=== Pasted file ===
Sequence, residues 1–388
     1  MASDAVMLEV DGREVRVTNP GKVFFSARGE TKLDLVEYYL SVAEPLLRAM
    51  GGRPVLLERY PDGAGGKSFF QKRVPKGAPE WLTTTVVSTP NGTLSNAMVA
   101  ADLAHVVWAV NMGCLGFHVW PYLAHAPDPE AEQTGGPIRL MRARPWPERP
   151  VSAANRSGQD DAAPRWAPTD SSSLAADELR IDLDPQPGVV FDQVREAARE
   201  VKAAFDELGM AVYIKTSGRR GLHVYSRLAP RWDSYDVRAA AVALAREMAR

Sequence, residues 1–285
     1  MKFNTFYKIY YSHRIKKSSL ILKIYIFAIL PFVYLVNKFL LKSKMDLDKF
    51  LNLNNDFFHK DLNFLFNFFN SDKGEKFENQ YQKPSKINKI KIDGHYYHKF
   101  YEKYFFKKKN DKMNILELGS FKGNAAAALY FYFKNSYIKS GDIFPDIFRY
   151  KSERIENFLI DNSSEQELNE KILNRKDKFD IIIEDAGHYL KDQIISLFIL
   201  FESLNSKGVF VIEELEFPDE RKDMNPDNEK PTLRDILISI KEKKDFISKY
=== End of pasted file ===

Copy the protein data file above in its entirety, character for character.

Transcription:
Sequence, residues 1–388
     1  MASDAVMLEV DGREVRVTNP GKVFFSARGE TKLDLVEYYL SVAEPLLRAM
    51  GGRPVLLERY PDGAGGKSFF QKRVPKGAPE WLTTTVVSTP NGTLSNAMVA
   101  ADLAHVVWAV NMGCLGFHVW PYLAHAPDPE AEQTGGPIRL MRARPWPERP
   151  VSAANRSGQD DAAPRWAPTD SSSLAADELR IDLDPQPGVV FDQVREAARE
   201  VKAAFDELGM AVYIKTSGRR GLHVYSRLAP RWDSYDVRAA AVALAREMAR

Sequence, residues 1–285
     1  MKFNTFYKIY YSHRIKKSSL ILKIYIFAIL PFVYLVNKFL LKSKMDLDKF
    51  LNLNNDFFHK DLNFLFNFFN SDKGEKFENQ YQKPSKINKI KIDGHYYHKF
   101  YEKYFFKKKN DKMNILELGS FKGNAAAALY FYFKNSYIKS GDIFPDIFRY
   151  KSERIENFLI DNSSEQELNE KILNRKDKFD IIIEDAGHYL KDQIISLFIL
   201  FESLNSKGVF VIEELEFPDE RKDMNPDNEK PTLRDILISI KEKKDFISKY